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I would like to use a generic type for casting, is there any simple way to do this? Here is an example:

var resource = viewBase.getAnyInstance(resourceName) as T;

Where T is one of existing type.

Any suggestions would be appreciated.

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6  
That doesn't actually make sense. What are you trying to do? –  SLaks Feb 7 '13 at 21:43
    
Are you saying in a generic method you'd like to do this? And it should be noted T must be constrained to where T : class since as returns null if it is not the requested type, and value types can't be null. –  James Michael Hare Feb 7 '13 at 21:52
    
I would like to use parametrized T and cast by it(T may be one of my custom classes) –  AboutNothing Feb 7 '13 at 22:01
2  
That should just work. Did you try it? –  SLaks Feb 7 '13 at 22:03
    
Yes, I did. But I am still learning C#, so I could do an elementary mistake. I will keep trying.. –  AboutNothing Feb 7 '13 at 22:11

1 Answer 1

A Generic is a fancy way of handling multiple types of Objects without any clear concise knowledge of what your manipulating. That in itself creates quite a bit of flexibility, as it can alleviate several issues you may encounter when you utilize Boxing and Unboxing.

To help clarify Generics for you, I'll use the List example. Mostly because at least for me it really solidified Casting with Generics.

The problem, if you've tried to Cast between List Generics you'll quickly see... You can't.

In my example I'll use Shapes, so in theory you have three classes.

Classes:

  • Circle
  • Square
  • Polygon

When you learned Casting this is quite easy to do.

int i = 10;
string j = "I have ";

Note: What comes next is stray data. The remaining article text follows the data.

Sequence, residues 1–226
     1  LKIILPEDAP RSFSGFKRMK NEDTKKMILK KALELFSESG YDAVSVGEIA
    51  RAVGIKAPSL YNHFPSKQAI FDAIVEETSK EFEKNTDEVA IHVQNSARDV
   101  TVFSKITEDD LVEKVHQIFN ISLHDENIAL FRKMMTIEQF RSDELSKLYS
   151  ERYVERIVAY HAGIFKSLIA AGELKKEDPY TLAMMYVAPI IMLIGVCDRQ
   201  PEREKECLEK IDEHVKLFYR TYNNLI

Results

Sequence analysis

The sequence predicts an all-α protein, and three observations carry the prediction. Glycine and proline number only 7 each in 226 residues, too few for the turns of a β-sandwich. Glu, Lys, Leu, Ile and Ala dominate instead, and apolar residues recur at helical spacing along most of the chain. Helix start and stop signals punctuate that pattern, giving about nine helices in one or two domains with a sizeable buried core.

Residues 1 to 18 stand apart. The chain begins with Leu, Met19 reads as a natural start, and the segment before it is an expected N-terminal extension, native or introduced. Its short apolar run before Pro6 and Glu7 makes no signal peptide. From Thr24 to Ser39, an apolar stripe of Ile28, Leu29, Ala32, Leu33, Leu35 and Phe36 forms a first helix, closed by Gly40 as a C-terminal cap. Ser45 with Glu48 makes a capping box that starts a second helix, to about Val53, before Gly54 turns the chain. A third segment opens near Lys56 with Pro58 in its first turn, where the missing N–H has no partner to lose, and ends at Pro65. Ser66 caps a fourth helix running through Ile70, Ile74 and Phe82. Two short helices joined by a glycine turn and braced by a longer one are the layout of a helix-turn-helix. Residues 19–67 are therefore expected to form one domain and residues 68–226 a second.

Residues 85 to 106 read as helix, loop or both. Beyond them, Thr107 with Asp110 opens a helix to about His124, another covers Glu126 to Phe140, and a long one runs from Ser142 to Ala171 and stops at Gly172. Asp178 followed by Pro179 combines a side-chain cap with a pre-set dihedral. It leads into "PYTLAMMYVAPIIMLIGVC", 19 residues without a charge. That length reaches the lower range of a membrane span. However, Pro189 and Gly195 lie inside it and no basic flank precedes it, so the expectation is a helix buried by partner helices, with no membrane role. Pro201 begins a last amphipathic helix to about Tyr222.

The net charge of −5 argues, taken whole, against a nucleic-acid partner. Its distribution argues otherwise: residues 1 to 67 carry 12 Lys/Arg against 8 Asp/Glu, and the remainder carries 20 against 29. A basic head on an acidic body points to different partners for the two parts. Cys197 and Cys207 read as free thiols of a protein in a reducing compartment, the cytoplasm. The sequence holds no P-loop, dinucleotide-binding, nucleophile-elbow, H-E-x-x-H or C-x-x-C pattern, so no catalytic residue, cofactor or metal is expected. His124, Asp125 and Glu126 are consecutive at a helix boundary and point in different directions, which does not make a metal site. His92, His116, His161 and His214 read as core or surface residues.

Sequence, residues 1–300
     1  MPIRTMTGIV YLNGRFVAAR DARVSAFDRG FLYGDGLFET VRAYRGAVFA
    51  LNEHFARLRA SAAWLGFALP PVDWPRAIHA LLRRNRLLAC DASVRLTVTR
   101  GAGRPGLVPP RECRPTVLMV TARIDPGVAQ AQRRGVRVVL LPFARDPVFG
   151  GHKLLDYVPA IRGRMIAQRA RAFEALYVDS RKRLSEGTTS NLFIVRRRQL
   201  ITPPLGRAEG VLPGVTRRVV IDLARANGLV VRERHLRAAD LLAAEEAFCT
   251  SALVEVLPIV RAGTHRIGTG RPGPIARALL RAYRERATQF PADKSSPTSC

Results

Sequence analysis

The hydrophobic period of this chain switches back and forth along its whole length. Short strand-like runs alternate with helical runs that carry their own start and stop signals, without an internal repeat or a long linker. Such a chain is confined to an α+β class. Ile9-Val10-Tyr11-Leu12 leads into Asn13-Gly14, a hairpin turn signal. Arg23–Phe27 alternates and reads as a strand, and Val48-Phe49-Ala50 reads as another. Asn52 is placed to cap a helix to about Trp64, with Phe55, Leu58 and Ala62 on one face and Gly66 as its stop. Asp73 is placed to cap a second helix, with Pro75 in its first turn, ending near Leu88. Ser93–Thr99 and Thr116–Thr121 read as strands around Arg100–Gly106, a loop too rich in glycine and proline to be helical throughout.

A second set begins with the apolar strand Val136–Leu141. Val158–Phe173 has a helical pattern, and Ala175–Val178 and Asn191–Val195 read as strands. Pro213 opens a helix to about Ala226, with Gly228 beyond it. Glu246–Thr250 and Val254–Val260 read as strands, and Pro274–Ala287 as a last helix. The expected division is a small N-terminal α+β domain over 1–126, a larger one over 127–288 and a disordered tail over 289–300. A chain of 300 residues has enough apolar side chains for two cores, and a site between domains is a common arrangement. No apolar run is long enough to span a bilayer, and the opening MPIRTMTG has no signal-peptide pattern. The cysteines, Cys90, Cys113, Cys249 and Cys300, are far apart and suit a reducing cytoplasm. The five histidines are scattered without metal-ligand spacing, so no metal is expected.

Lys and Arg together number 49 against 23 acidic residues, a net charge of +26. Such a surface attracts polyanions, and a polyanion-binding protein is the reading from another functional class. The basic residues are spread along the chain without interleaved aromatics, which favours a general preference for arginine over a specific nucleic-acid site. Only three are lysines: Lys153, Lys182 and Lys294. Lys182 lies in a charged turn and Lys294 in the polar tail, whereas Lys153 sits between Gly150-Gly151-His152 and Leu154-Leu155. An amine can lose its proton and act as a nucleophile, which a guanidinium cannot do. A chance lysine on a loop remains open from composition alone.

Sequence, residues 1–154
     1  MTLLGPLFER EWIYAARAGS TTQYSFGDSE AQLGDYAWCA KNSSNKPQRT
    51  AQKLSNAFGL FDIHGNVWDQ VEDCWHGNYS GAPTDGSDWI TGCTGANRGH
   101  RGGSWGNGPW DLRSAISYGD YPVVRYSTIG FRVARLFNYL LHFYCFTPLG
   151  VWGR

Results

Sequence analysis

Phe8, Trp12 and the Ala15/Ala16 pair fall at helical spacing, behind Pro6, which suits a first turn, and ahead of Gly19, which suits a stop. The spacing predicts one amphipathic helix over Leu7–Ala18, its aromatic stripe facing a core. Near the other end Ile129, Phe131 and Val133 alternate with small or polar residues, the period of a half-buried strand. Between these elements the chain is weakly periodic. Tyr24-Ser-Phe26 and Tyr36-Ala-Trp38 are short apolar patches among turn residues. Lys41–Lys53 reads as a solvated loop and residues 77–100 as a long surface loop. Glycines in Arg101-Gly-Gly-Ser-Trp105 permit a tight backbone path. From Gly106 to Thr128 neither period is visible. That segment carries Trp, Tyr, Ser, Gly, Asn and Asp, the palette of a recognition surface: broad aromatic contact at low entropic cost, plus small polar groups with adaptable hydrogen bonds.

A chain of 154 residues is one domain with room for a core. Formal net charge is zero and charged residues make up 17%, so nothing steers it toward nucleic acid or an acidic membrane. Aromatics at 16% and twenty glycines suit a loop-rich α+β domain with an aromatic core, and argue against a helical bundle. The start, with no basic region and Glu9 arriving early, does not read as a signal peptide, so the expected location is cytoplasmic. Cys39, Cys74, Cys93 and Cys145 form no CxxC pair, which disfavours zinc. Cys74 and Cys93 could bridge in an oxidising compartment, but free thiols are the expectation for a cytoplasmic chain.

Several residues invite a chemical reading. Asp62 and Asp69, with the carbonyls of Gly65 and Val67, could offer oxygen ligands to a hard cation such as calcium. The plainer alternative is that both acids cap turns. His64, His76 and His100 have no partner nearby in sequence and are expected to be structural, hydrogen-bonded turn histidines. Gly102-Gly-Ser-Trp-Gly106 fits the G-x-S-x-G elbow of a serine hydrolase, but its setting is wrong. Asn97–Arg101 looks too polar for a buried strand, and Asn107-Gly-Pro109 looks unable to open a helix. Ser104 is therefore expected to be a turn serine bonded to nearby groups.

string d = j + (string)i;

And you've converted your variable i into a String. As long as the type fits; your okay. If it doesn't you'll encounter exceptions.

When you introduce Generics it changes quickly.

Now, as you saw above we have three Classes that represent Shapes. Now a Shape will be a common Object which technically should be inherited by those Shapes. So List<Square> can't inherit from List<Circle> and vice-versa. It seems quantitative, seems plausible. But it isn't, why?

It's due to the Constructed Type in which the conversion of data takes place.

So in some instances for these List you'd have to write a Loop to transfer data from one List to another.

So this is where Generics can be quite useful.

// Square List:
List<Square> lSq = new List<Square>();

   lSq.Add(new Square("Red Square"));
   lSq.Add(new Square("Blue Square"));

We've created a Square List to hold our object.

// Generic Shape
List<Shape> shp = lSq.ConvertAll(
   new Converter<Square, Shape>(lSqToshp));

We've actually used a Generic to Cast those values directly into our new List.

Now, I understand that isn't your question. Your asking:

I would like to use a generic type for casting, is there any simple way to do this?

The short answer, yes. But the variation will vary on your goal and usage. You've mentioned that it is an Abstract Class.

Now, are you trying to do something like:

public void SomeMethod(object caller)
{
   someClass<T> info = caller as someClass<T>;
   if (info != null)
   {}
}

That would describe Casting to an Abstract Class.

var detail = (SomeClassBase)viewBase.getAnyInstance(detailName); 

There are a lot of variations.

A post that sounds similar to your vague question here. Another post that may provide more details here. Something to note, if your trying to pass an Object that is already known, why not just use the caller directly?

Unfortunately, your question will require more details for a better answer. But it sounds like your having difficulties understanding Generics.

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Thank you so much for answer and comments. I am currently looking into it and trying to understand the problematic in more complex way. Thanks again! –  AboutNothing Feb 9 '13 at 10:22
    
No problem. Hopefully my response helped a bit. It helped me understand but others it may not. –  Greg Feb 10 '13 at 8:13

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